Determining Ethyl Glucuronide Cutoffs When Detecting Self-Reported Alcohol Use in Addiction Treatment Patients

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Abstract

Background:

Ethyl glucuronide (EtG) is an alcohol biomarker with potential utility as a clinical research and alcohol treatment outcome. Debate exists regarding the appropriate cutoff level for determining alcohol use, particularly with the EtG immunoassay. This study determined the EtG immunoassay cutoff levels that most closely correspond to self-reported drinking in alcohol-dependent outpatients.

Methods:

Eighty adults with alcohol dependence and mental illness, taking part in an alcohol treatment study, provided urine samples 3 times per week for up to 16 weeks (1,589 samples). Self-reported drinking during 120 hours prior to each sample collection was assessed. Receiver operating characteristic analyses were conducted to assess the ability of the EtG immunoassay to detect self-reported alcohol use across 24- to 120-hour time periods. Sensitivity and specificity of EtG immunoassay cutoff levels was compared in 100 ng/ml increments (100 to 500 ng/ml) across 24 to 120 hours.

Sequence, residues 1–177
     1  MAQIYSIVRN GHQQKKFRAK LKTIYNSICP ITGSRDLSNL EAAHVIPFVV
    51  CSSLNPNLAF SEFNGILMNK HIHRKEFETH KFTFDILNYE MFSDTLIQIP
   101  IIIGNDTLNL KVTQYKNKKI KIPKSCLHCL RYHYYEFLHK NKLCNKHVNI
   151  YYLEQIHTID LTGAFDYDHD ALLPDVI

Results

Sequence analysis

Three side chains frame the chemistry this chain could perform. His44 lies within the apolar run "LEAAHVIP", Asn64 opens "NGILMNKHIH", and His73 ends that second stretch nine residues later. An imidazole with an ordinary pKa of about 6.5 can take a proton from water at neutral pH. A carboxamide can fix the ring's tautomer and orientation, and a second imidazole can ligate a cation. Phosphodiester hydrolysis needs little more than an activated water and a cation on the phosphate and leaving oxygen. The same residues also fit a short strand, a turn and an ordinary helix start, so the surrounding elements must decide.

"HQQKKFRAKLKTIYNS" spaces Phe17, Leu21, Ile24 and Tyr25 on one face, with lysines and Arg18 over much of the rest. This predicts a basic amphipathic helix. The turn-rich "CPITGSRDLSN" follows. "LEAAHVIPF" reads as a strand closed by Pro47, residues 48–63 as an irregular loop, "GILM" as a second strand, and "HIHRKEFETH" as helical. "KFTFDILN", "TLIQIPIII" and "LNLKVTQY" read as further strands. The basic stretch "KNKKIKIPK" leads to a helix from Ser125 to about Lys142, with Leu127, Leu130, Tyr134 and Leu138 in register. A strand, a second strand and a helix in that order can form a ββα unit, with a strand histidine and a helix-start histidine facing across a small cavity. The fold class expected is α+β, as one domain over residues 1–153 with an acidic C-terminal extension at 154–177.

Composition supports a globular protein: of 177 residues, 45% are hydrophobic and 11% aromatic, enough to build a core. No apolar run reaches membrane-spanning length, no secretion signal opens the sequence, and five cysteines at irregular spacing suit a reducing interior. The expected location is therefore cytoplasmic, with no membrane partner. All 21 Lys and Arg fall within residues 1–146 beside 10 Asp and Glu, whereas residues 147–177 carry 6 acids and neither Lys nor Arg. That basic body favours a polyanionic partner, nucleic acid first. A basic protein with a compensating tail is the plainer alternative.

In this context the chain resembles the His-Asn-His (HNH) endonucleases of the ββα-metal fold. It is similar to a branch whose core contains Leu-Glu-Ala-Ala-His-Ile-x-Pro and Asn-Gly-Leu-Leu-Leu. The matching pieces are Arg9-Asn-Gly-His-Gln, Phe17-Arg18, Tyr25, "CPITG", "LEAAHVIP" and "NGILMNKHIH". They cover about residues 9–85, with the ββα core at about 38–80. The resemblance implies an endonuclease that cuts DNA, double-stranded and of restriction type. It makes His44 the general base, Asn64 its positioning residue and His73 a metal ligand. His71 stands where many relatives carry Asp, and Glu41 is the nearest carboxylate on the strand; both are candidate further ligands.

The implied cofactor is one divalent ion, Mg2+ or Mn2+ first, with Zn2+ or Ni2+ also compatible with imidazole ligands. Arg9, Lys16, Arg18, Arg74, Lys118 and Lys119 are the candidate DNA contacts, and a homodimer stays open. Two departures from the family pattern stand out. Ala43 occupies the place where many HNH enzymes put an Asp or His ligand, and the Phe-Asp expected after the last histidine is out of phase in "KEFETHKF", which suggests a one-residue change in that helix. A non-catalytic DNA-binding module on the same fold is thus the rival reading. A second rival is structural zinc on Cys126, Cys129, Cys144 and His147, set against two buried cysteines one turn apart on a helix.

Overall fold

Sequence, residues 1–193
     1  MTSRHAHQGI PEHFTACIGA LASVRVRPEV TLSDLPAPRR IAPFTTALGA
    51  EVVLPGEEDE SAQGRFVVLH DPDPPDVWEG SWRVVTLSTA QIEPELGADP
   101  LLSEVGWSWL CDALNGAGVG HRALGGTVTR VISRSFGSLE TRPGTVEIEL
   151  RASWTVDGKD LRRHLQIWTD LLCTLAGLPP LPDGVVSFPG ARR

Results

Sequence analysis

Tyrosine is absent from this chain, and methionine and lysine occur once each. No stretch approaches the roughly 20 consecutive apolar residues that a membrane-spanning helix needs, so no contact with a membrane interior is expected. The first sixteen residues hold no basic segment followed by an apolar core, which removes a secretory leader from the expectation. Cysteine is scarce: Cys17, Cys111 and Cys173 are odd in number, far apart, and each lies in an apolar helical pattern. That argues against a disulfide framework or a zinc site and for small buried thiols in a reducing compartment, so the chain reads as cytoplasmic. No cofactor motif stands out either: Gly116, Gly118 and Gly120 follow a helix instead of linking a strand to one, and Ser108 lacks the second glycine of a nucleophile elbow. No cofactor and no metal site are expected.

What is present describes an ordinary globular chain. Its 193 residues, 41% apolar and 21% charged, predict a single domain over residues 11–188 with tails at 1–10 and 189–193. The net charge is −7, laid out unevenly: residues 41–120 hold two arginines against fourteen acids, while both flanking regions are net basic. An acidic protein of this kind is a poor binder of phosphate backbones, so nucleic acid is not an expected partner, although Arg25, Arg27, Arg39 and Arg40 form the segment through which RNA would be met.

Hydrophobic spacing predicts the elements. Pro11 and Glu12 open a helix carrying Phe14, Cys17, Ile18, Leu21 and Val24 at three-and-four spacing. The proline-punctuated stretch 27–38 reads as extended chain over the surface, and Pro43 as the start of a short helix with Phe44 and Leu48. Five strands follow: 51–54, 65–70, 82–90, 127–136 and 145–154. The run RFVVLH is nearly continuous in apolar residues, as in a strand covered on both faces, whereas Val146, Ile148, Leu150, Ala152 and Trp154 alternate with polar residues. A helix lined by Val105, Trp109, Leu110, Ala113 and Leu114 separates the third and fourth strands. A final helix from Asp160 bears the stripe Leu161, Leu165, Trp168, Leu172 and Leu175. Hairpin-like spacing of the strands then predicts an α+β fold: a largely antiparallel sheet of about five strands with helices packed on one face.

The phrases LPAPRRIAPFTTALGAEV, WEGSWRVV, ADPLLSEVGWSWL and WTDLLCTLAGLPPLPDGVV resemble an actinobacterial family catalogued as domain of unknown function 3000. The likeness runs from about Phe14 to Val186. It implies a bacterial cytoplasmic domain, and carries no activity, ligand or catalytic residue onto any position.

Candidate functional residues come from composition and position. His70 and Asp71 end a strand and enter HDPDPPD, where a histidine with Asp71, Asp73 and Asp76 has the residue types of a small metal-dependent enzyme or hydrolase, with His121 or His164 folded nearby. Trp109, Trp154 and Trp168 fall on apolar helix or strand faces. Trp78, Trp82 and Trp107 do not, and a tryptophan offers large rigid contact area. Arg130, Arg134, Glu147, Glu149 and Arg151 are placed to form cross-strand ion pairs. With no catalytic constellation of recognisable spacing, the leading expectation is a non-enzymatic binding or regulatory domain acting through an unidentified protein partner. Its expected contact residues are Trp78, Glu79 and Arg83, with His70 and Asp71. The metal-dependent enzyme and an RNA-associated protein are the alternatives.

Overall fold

Results:

Over half (57%) of the 1,589 samples indicated recent alcohol consumption. The EtG immunoassay closely corresponded to self-reported drinking from 24 (area under the curve [AUC] = 0.90, 95% confidence interval [CI]: 0.88, 0.92) to 120 hours (AUC = 0.88, 95% CI: 0.87, 0.90). When cutoff levels were compared across 24 to 120 hours, 100 ng/ml had the highest sensitivity (0.93 to 0.78) and lowest specificity (0.67 to 0.85). Relative to 100 ng/ml, the 200 ng/ml cutoff demonstrated a reduction in sensitivity (0.89 to 0.67), but improved specificity (0.78 to 0.94). The 300, 400, and 500 ng/ml cutoffs demonstrated the lowest sensitivity (0.86 to 0.33) and highest specificity (0.86 to 0.97) over 24 to 120 hours.

Conclusions:

For detecting alcohol use for >24 hours, the 200 ng/ml cutoff level is recommended for use as a research and clinical outcome.

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